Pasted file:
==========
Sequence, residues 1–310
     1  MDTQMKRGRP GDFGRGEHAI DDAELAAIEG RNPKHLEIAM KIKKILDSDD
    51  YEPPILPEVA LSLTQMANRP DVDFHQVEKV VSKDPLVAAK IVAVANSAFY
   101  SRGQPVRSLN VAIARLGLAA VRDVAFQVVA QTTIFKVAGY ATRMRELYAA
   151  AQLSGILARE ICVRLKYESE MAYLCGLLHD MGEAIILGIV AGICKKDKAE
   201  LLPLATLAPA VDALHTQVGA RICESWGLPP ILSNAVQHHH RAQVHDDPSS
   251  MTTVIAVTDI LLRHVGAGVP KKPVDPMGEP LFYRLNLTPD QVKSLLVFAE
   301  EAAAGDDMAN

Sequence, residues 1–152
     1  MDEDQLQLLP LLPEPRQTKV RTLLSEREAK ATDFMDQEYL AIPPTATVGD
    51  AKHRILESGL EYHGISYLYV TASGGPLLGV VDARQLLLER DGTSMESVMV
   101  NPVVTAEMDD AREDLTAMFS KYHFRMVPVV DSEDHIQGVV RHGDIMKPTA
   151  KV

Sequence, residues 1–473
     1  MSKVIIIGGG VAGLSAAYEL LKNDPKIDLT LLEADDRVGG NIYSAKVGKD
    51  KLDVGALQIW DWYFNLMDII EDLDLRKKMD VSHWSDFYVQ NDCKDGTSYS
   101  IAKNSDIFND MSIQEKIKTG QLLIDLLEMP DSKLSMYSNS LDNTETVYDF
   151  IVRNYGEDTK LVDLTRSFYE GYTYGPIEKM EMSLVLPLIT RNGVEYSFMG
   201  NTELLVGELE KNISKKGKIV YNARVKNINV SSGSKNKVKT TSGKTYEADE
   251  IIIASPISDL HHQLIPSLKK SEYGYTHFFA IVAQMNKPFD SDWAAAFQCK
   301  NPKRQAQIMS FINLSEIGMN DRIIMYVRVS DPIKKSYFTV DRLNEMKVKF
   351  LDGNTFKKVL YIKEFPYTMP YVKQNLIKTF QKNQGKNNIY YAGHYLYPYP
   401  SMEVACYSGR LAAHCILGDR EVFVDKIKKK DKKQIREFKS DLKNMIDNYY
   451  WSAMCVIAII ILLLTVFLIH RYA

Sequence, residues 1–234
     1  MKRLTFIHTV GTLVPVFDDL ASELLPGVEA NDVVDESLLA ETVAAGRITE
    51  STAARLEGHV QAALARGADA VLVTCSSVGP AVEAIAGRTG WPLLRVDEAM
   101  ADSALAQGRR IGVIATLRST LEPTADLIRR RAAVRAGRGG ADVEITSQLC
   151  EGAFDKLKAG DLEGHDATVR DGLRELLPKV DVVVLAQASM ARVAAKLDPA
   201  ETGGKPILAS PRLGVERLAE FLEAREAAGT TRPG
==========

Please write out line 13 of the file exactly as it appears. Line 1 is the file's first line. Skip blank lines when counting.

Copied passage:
   151  KV